The performance will also bring a visual arts element to the 7:30 p.m. concert. Sherwood's water bowls are lighted from beneath, which will result in reflections that become part of the performance.

Sherwood will be featured when the symphony performs "Water Concerto" by Tan Dun, a Chinese composer who may best be known for his Oscar-winning score for the 2001 film "Hidden Tiger, Crouching Dragon."

"It shows the importance of water in Chinese culture," Hillard said, noting that the resource is just as ingrained in Southwest Georgia culture and life. "It's a fitting way to work it (water) into the offerings."

Scott Loehr, executive director of the RiverQuarium, said he was excited about the symphony's decision to incorporate other arts and cultural organizations into its program this season.

"The RiverQuarium is delighted to be participating with the Albany Symphony's Pride of Our Community series," Loehr said. "It's just another example of the riches of the cultural resources and the cultural opportunities of our community.

"I'm looking forward to the performance. I can't wait to see it."

The opening concert will include performances of Handel's "Piano Concerto No. 2 in C Minor" and Czech composer Bedrich Smetana's "The Moldau," a tribute to the river known by that name to German-speaking Czechs such as Smetana.

Hillard said that in recognition of the concert's date, the symphony will open with Samuel Barber's "Adagio for Strings." The haunting composition has become associated with 9/11, he noted.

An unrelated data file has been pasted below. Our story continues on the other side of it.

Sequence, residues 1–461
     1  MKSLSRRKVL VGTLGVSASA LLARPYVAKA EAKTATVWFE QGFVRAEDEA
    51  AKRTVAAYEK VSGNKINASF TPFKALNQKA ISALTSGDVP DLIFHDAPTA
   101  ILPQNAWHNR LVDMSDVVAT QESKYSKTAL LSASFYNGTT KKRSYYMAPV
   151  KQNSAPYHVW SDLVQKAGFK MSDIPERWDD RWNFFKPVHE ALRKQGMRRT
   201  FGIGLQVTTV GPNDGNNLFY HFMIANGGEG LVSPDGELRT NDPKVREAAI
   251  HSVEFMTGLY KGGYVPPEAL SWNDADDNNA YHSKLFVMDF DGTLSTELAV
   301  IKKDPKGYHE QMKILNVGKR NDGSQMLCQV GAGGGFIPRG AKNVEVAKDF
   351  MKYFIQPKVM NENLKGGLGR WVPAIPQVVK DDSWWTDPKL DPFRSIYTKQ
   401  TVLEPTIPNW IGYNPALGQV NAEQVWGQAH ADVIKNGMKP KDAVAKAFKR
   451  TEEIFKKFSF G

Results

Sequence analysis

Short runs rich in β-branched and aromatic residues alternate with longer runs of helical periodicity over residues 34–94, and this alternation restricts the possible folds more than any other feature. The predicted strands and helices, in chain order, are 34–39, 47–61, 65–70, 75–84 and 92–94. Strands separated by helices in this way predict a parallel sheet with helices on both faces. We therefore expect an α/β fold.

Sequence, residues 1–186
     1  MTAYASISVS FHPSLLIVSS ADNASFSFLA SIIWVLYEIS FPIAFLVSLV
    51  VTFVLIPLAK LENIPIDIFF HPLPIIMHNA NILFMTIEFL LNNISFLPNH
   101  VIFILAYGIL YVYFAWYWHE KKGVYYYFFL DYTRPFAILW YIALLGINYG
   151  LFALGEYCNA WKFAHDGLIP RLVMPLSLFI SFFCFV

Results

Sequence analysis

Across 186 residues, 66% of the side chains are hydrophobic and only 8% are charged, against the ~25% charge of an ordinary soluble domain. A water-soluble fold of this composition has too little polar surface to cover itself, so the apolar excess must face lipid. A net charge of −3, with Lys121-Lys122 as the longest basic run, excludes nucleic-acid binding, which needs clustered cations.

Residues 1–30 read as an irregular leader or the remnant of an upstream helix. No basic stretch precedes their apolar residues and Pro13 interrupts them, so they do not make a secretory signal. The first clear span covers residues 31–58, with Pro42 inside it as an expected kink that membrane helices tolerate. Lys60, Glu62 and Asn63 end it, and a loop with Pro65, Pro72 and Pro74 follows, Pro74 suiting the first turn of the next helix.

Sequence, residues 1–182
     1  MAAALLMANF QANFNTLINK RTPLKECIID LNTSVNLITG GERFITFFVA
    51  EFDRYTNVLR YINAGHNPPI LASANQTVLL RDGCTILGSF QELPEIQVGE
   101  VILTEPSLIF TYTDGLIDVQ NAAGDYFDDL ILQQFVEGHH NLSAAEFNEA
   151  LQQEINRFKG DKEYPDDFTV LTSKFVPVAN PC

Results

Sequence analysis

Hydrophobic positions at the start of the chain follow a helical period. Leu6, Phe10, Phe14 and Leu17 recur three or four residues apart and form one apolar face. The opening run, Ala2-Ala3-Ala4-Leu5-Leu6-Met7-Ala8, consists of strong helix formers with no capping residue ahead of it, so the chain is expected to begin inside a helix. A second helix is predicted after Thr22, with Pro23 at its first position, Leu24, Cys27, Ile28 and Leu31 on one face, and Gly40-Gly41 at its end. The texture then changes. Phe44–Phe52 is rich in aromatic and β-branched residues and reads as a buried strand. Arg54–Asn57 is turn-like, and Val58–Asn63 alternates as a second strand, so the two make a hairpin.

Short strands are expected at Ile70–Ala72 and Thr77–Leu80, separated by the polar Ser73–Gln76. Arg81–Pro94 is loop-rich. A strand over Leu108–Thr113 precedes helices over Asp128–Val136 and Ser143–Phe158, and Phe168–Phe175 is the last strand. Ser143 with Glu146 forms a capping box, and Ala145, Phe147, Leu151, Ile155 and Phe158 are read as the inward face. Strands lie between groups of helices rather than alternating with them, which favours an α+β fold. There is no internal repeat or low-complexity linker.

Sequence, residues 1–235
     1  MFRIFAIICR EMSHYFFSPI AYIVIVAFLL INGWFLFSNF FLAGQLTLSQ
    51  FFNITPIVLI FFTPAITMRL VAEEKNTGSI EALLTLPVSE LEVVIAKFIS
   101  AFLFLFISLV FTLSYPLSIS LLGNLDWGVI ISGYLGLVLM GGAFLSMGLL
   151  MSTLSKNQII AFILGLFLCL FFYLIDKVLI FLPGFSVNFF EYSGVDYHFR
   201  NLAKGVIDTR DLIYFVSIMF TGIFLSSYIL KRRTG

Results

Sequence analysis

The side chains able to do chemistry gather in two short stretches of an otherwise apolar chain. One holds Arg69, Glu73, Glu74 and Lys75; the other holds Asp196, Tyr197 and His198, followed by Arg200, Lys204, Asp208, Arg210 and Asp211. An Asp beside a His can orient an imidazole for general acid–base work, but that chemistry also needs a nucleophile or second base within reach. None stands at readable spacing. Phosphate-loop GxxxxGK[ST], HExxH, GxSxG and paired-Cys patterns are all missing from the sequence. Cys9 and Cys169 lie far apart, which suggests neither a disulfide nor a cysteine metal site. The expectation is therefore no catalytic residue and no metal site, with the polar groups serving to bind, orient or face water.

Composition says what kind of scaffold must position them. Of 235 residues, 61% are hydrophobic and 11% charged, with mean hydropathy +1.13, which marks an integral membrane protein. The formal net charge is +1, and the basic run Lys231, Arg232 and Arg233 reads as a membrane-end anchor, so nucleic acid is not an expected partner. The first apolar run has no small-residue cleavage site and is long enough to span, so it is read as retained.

"It's a uniquely American piece," he said. "It's sort of become an international piece of mourning."

The concert starts at 7:30 p.m. at the Municipal Auditorium at 200 N. Jackson St. It is preceded at 6:30 p.m. with Conversations with the Conductor, also in the auditorium.

Season tickets are:

Dress Circle -- Adult, $177; senior and military, $157; student, $42;

First Balcony and Orchestra -- Adult, $152; senior and military, $132; student, $37.

For an additional $50 per season, ticketholders can also join the Conductor's Circle. Members can get refreshments and drinks at intermission and after the concert at the Carnegie Library next door to the auditorium, as well as meet Hillard and guest performers at the post-concert gathering.

For information on individual concert tickets, contact the symphony office at (229) 430-8933.

Here's a quick rundown on the rest of the concert season:

"HEAR A MASTERPIECE OF ART," Oct. 16: Spotlighting the Albany Museum of Art, the symphony will be accompanied by classical guitar soloist Robert Sharpe, an Albany native and Westover High School graduate who has degrees in guitar performance from Columbus State and Yale universities and who is currently studying at the Cleveland Institute of Music. Sharpe will perform Concierto de aranjuez by Rodrigo.